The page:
```
library("gambin")
data(moths, package="gambin")
##unimodal model
fit = fit_abundances(moths)
fit$alpha
```

`## [1] 1.644694`

```
barplot(fit)
points(fit)
```

`AIC(fit)`

`## [1] 803.6409`

```
##unimodal model (fit to a subsample of 1000 individuals)
fit2 = fit_abundances(moths, subsample = 1000)
fit2$alpha
```

`## [1] 0.8722806`

```
barplot(fit2)
points(fit2)
```

`AIC(fit2)`

`## [1] 395.0488`

```
##bimodal model (using 3 cores)
#simulate bimodal gambin distribution
x1 = rgambin(600, 5, 10)
x2 = rgambin(300, 1, 10)
x = table(c(x1,x2))
freq = as.vector(x)
values = as.numeric(as.character(names(x)))
abundances = data.frame(octave=values, species = freq)
#fit bimodal model to simulated data
fit3 = fit_abundances(abundances, no_of_components = 2, cores = 1)
```

`## Using 1 core. Your machine has 12 available.`

```
barplot(fit3)
points(fit3)
```

`AIC(fit3)`

`## [1] 4026.448`

```
#compare with AIC of unimodal model
AIC(fit_abundances(abundances))
```

`## [1] 4037.638`

Matthews, T.J. et al (In prep) Extension of the Gambin Distribution to Multimodal Species Abundance Distributions.

Antão, Laura H., Sean R. Connolly, Anne E. Magurran, Amadeu Soares, and Maria Dornelas. 2017. “Prevalence of Multimodal Species Abundance Distributions Is Linked to Spatial and Taxonomic Breadth.” *Global Ecology and Biogeography* 26 (2): 203–15. doi:10.1111/geb.12532.

Arellano, Gabriel, María N. Umaña, Manuel J. Macía, M. Isabel Loza, Alfredo Fuentes, Victoria Cala, and Peter M. Jørgensen. 2017. “The Role of Niche Overlap, Environmental Heterogeneity, Landscape Roughness and Productivity in Shaping Species Abundance Distributions Along the Amazon–Andes Gradient.” *Global Ecology and Biogeography* 26 (2): 191–202.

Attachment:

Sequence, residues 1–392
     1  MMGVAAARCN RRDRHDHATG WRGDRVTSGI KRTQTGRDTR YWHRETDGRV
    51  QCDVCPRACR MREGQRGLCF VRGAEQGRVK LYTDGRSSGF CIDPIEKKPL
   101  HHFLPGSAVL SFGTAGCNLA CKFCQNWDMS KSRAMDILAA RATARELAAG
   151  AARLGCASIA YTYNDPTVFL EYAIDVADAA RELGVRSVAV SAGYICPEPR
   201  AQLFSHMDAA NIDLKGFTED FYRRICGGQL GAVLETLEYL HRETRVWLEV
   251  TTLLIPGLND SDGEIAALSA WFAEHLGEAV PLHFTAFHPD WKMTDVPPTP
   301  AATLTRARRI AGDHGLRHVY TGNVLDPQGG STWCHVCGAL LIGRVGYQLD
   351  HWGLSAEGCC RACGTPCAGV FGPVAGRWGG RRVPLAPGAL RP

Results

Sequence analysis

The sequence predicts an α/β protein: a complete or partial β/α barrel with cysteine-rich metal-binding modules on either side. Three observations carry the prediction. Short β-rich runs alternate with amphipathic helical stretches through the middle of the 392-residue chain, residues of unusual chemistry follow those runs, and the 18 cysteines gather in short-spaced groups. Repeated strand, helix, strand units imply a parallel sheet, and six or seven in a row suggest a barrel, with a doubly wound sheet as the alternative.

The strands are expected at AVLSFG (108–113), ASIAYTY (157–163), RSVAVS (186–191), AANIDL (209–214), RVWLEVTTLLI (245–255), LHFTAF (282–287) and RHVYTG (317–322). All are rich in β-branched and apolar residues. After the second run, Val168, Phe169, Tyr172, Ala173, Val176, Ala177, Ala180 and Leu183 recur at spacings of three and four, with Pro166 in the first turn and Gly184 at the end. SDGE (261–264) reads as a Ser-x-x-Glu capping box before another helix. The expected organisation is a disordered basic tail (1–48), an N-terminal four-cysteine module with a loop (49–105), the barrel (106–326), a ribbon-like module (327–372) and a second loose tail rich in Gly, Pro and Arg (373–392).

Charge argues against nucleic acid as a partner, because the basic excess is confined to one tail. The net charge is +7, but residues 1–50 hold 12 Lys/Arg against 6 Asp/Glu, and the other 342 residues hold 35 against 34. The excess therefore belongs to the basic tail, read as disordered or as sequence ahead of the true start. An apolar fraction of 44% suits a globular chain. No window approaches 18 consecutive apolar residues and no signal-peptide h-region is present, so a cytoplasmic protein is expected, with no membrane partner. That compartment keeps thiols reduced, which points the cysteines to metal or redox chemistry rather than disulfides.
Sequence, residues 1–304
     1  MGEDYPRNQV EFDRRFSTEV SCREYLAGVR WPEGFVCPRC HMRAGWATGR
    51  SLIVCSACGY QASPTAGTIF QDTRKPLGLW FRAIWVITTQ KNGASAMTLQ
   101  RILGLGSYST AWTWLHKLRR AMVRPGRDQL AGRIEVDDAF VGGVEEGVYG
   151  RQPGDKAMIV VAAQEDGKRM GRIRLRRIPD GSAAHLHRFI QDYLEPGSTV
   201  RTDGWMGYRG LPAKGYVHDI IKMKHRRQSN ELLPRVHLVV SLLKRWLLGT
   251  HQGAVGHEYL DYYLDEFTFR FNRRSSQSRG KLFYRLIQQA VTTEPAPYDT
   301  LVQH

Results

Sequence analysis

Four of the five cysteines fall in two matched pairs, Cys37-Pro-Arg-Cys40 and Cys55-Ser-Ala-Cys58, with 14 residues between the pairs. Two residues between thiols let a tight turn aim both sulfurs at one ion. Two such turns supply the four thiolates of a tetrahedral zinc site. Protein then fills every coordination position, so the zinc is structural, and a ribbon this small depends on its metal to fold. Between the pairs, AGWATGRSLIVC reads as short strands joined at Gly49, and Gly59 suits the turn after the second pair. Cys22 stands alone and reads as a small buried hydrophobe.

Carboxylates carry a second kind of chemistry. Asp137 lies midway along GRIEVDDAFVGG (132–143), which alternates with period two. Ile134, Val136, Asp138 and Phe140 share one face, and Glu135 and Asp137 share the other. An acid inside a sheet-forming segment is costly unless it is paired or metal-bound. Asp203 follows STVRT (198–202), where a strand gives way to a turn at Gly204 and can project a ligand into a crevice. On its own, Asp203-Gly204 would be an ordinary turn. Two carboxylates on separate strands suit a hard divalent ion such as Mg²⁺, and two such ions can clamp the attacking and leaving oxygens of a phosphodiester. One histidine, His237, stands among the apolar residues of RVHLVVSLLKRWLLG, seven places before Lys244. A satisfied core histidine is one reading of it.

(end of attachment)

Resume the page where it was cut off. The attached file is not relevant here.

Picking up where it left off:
Gray, John S., Anders Bjørgesæter, and Karl. I. Ugland. 2006. “On Plotting Species Abundance Distributions.” *Journal of Animal Ecology* 75 (3). [Wiley, British Ecological Society]: 752–56.

Matthews, Thomas J, Michael K Borregaard, Karl I Ugland, Paulo AV Borges, François Rigal, Pedro Cardoso, and Robert J Whittaker. 2014. “The Gambin Model Provides a Superior Fit to Species Abundance Distributions with a Single Free Parameter: Evidence, Implementation and Interpretation.” *Ecography* 37 (10). Wiley Online Library: 1002–11.

Ugland, Karl I, P John D Lambshead, Brian McGill, John S Gray, Niall O’Dea, Richard J Ladle, and Robert J Whittaker. 2007. “Modelling Dimensionality in Species Abundance Distributions: Description and Evaluation of the Gambin Model.” *Evolutionary Ecology Research* 9 (2). Evolutionary Ecology, Ltd.: 313–24.